The Earth stopped on March 22, 1931 for just a few seconds, because yes, even Terra Prime needed to mark the moment William Shatner came into the world.
It’s hard to believe that today’s he’s 85 years old. We see him in the original “Star Trek,” in six movies, and how active he is today — this man is never going to retire. And we don’t want him to.
In fact, Shatner has the energy of a 35-year-old, which is exactly how old he was when “Star Trek” first premiered in 1966. If someone told him — or anyone else from the cast and crew — that 50 years later, we would still be honoring this show (and those involved), we’re sure Shatner would’ve never believed them.
Shatner’s birthday is the first milestone we get to celebrate in this 50th anniversary year, and one that is definitely worth celebrating. While Shatner’s reputation has had its ups and downs with fandom (anyone remember when he told a “Saturday Night Live” sketch audience to get a life?), the fact is, Star Trek is what it is today because of not only Gene Roddenberry’s vision, but the people who helped bring it to life. And Shatner is one of them.
So I thought I would take moment to not only wish happy birthday to Mr. Shatner, but also to look at where some of our other Trek favorites are when it comes to getting better with age.
Before I do that, however, I do want to recognize those we’ve lost from the main casts. Primarily, all from the original series, which makes sense, since it’s the older show.
We have to start, of course, with Roddenberry himself, whom we lost in 1991. He was just 70 years old when he left us, and if he were still alive today, he’s be a rather spry 94-year-old. A former Los Angeles Police Department cop, Roddenberry was determined to get his writing talents into television, and he did just that, finding every way possible to get agents spec scripts.
That landed him freelance work in shows like “Highway Patrol” and “Have Gun-Will Travel,” before getting his own chance to create television in “The Lieutenant.”
Many future Star Trek greats would be a part of this show, including Gary Lockwood, Nichelle Nichols, Walter Koenig, and even Leonard Nimoy.
Nimoy, as we all know by now, passed away on Feb. 27, 2015. He was 83 years old. He actually was born just days after Shatner, except in Boston (not Canada, like our favorite Kirk actor).
As Spock, Nimoy helped create a love for “Star Trek” that may not have been possible otherwise. Which was funny, because Spock was a Vulcan, and they were not very emotional. Yet fans were quite emotional about Spock.
Nimoy would go on to direct, not only Trek films, but also the popular 1980s comedy “Three Men and a Baby.” He also was a singer, probably most infamous for “The Ballad of Bilbo Baggins,” about the popular character from “The Hobbit” book.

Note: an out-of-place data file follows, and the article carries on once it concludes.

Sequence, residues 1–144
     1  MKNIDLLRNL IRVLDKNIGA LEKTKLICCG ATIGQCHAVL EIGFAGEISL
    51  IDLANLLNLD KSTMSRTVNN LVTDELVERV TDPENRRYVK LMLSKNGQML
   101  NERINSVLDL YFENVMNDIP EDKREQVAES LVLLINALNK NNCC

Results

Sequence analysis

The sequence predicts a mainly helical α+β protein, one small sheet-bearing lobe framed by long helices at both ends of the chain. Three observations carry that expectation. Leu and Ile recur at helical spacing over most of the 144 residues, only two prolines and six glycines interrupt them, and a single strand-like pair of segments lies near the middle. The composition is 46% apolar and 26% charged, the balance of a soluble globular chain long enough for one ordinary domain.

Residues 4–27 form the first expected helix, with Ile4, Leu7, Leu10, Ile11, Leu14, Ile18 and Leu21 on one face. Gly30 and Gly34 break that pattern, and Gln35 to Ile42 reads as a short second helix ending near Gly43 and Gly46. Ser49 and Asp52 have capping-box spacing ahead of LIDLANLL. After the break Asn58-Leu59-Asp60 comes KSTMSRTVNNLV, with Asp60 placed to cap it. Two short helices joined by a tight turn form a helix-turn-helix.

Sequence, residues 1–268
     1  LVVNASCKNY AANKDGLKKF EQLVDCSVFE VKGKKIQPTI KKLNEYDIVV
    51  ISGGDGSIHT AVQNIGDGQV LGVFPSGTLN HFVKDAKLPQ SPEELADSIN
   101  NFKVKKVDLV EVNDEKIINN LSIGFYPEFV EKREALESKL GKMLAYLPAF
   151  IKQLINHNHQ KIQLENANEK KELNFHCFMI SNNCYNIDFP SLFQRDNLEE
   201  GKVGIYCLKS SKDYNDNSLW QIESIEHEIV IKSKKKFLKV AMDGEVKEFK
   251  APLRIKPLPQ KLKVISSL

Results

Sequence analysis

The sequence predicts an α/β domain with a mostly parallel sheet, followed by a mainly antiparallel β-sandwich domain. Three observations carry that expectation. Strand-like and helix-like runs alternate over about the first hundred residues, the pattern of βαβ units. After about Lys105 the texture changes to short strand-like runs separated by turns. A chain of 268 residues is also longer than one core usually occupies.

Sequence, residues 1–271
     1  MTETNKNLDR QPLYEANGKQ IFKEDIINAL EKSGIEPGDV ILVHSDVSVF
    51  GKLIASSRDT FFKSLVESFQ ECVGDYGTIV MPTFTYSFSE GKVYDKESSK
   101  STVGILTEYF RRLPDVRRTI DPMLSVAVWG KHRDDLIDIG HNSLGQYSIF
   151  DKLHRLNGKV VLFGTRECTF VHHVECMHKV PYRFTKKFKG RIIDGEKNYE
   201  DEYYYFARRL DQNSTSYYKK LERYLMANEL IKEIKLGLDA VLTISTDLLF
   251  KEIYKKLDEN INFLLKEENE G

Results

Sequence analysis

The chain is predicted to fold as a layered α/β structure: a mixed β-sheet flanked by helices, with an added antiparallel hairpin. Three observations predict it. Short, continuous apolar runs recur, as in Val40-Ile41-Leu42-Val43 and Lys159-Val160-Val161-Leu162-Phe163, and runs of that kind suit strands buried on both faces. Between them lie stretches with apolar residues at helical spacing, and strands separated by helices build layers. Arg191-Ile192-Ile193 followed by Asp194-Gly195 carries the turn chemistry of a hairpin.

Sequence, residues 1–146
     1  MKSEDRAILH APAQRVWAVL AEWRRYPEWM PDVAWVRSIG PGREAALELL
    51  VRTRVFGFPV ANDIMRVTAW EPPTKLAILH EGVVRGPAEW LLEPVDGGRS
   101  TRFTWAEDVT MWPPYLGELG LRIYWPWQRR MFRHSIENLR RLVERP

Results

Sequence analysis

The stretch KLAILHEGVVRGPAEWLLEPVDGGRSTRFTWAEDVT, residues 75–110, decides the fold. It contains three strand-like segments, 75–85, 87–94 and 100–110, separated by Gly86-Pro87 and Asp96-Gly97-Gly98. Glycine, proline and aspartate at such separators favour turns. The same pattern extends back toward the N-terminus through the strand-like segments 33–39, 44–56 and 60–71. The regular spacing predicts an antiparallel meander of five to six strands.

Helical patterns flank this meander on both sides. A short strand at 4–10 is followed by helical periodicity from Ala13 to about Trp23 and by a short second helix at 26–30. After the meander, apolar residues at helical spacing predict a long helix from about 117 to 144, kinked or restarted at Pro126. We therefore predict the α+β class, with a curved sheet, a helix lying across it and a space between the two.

The other part of the main Star Trek trio was Dr. Leonard McCoy, played by DeForest Kelley. He died in 1999 at the age of 79, and would’ve been 96 this year. Kelley was known for playing bad guys, especially in westerns, and there really was some concern whether or not he could pull off playing a friendly, yet moody, doctor on a futuristic spaceship. Not only did Kelley pull it off, but it’s hard for any fans today to imagine him ever playing a bad guy.
Did you know that Kelley’s popular paraphrased line of “He’s dead, Jim?” was actually started in 1956, where he played a medic in “The Man in the Gray Flannel Suit,” where he tells Gregory Peck, “This man’s dead, captain.”
And finally, we can’t forget James Doohan, who we lost in 2005 at the age of 85. He would’ve turned 96 earlier this month if he was still with us.
Doohan was amazing with accents, and even did the initial creation of the Klingon language for “Star Trek: The Motion Picture.” Like Roddenberry, Doohan eventually made it into space a few times, thanks to some trips with his ashes.
But birthdays are not about focusing on those we lost, but celebrating life. And many Star Trek people have remained active. In no particular order …
Nichelle Nichols will turn 84 in December, but won’t even let a stroke slow her down. The actually was set to appear in Roddenberry’s “The Lieutenant,” but her episode was pulled from the schedule because it featured an inter-racial couple. It was that action that led Roddenberry to make “Star Trek” the racial allegory it was later on.
George Takei turns 79 next month, and has become a social media god. He remains active, like Shatner, with documentaries, Broadway plays, and acting gigs. In fact, his latest commercial is with Taco Bell, promoting his social media status.
Walter Koenig will hit the 80th birthday mark this year, and has slowed down a little bit when it comes to acting. But he still makes the regular convention circuit, and makes fans very happy to see him.
I thought about seeing where the rest of the casts are of the other shows … but man, isn’t this column long enough? We’ll wait for someone else’s birthday.
So yes, happy birthday, William Shatner! Thanks for being a part of the Star Trek family, and look forward to many more years!